Former Aveos workers win their battle against Air Canada
Aveos union members on Parliament Hill in Ottawa in 2012. The Superior Court rules that Air Canada violated federal law by not keeping its maintenance centers in operation.
Air Canada violated federal law by not keeping its aircraft maintenance centers in Montreal, Winnipeg and Mississauga operational when Aveos collapsed a decade ago, Supreme Court rules Quebec in a pithy judgment rendered Thursday in favor of thousands of former workers.
Air Canada has taken no reasonably serious steps to comply with the law at the following the closure of Aveos, writes judge Marie-Christine Hivon, who finds a continuous violation of the law between March 2012 and June 2016.
Nearly 2,200 former workers are affected by the outcome of this class action lawsuit. The vast majority of them were based in Montreal.
In a video message posted on his Facebook page shortly after the judgment was delivered, the union representative during the closure of the Aveos company, Jean Poirier, said he was very, very moved.
” We won! We won against Air Canada. We won the whole cause. David won against Goliath. A 14-year battle, folks. »
— Jean Poirier, union representative during the closing of the Aveos company
He asks the shareholders of Air Canada – who could appeal the judgment – to start on new bases and settle the case.
In her 154-page decision, Judge Marie-Christine Hivon condemns the air carrier to pay them compensation for loss of income and employment, as well as for the loss of social benefits.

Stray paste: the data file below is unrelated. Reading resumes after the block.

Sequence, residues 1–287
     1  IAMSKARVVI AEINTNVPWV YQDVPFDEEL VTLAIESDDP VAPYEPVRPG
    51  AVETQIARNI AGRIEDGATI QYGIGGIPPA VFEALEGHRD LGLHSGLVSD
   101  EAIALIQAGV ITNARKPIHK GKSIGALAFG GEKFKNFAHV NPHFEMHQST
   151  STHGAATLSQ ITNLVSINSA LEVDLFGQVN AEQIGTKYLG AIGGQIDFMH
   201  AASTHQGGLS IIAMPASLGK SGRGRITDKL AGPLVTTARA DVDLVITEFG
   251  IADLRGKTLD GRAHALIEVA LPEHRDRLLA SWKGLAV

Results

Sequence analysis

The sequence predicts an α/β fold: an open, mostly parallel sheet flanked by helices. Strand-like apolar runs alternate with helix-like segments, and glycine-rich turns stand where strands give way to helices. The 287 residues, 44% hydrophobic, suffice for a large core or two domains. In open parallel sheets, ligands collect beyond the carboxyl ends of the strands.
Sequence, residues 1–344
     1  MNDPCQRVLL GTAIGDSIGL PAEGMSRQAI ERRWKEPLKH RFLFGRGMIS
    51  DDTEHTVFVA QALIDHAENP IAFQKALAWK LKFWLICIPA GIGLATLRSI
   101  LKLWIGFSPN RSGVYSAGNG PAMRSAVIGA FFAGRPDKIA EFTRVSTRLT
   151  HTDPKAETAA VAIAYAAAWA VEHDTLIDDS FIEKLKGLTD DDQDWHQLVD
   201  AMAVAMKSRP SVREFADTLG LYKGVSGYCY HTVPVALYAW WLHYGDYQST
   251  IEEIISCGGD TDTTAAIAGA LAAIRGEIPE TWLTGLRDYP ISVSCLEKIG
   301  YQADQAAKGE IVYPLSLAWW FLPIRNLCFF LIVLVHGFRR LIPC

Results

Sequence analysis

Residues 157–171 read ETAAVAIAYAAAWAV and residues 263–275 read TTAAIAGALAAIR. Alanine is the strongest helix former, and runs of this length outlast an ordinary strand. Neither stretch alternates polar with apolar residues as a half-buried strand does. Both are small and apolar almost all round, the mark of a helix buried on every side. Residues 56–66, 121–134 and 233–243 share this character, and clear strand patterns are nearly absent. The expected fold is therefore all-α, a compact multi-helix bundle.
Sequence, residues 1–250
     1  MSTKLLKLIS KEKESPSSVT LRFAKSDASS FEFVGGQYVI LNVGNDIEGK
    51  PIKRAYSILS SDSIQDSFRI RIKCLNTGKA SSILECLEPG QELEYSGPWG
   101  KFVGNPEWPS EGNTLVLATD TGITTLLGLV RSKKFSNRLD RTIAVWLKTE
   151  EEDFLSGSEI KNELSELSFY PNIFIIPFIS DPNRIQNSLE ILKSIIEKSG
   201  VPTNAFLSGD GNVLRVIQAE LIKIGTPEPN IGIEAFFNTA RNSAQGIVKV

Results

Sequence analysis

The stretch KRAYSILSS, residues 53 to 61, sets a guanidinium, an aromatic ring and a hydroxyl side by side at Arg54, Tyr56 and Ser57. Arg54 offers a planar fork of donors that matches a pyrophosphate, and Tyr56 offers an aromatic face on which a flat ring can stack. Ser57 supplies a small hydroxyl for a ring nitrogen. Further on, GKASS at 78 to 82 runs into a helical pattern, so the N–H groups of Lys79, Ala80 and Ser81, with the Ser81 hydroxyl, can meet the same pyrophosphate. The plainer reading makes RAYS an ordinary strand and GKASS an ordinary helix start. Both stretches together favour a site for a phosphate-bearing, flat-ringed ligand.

Air Canada will also have to compensate them for the stress, questioning, loss of self-esteem, insecurity, feeling of injustice and loss of enjoyment of life. He will also have to pay the individual claims of those who have suffered additional moral damages such as psychological problems and insomnia, family problems, divorces and suicides.
However, Judge Hivon finds that the former employees of Aveos have not demonstrated that the failure of Aveos was caused by bad faith or the willful fault of Air Canada. It thus rejects the claim for punitive damages of $110 million.
In a written statement sent to The Canadian Press, Air Canada says it has always acted in good faith in this case, noting that the court concluded that the company did not cause the bankruptcy of Aveos and rejected the damages. punitive.
As to the possibility of appealing the judgment, the carrier says it will consider it before deciding on next steps.
Under the Air Canada Public Equity Act, the company had an obligation to maintain its hubs in Montreal, Winnipeg and Mississauga, a task that x27;it had subcontracted to Aveos, which went bankrupt in March 2012. The federal government changed the law in June 2016 to ease this obligation.
For the court, it is clear that the use of subcontracting did not release Air Canada from complying with its legal obligation when the subcontractor ceases its activities. és.
Similarly, the amendment to the law was not retroactive and did not have the effect of clarifying the meaning always had the law, contrary to what the company pleaded.